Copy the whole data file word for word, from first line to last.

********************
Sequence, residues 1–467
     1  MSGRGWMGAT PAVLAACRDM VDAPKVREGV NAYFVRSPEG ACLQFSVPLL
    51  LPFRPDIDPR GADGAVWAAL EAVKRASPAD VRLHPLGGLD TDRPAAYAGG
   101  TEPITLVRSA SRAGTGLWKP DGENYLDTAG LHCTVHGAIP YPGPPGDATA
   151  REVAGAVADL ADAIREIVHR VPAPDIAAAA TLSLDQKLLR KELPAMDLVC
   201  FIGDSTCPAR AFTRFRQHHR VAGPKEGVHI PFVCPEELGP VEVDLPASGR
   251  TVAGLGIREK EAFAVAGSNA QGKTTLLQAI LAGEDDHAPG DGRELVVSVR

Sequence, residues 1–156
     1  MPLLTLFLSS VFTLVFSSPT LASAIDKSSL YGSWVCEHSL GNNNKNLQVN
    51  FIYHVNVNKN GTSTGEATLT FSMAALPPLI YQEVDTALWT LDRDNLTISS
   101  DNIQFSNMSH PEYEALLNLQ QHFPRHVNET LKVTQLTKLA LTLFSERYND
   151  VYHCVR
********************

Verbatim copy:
Sequence, residues 1–467
     1  MSGRGWMGAT PAVLAACRDM VDAPKVREGV NAYFVRSPEG ACLQFSVPLL
    51  LPFRPDIDPR GADGAVWAAL EAVKRASPAD VRLHPLGGLD TDRPAAYAGG
   101  TEPITLVRSA SRAGTGLWKP DGENYLDTAG LHCTVHGAIP YPGPPGDATA
   151  REVAGAVADL ADAIREIVHR VPAPDIAAAA TLSLDQKLLR KELPAMDLVC
   201  FIGDSTCPAR AFTRFRQHHR VAGPKEGVHI PFVCPEELGP VEVDLPASGR
   251  TVAGLGIREK EAFAVAGSNA QGKTTLLQAI LAGEDDHAPG DGRELVVSVR

Sequence, residues 1–156
     1  MPLLTLFLSS VFTLVFSSPT LASAIDKSSL YGSWVCEHSL GNNNKNLQVN
    51  FIYHVNVNKN GTSTGEATLT FSMAALPPLI YQEVDTALWT LDRDNLTISS
   101  DNIQFSNMSH PEYEALLNLQ QHFPRHVNET LKVTQLTKLA LTLFSERYND
   151  VYHCVR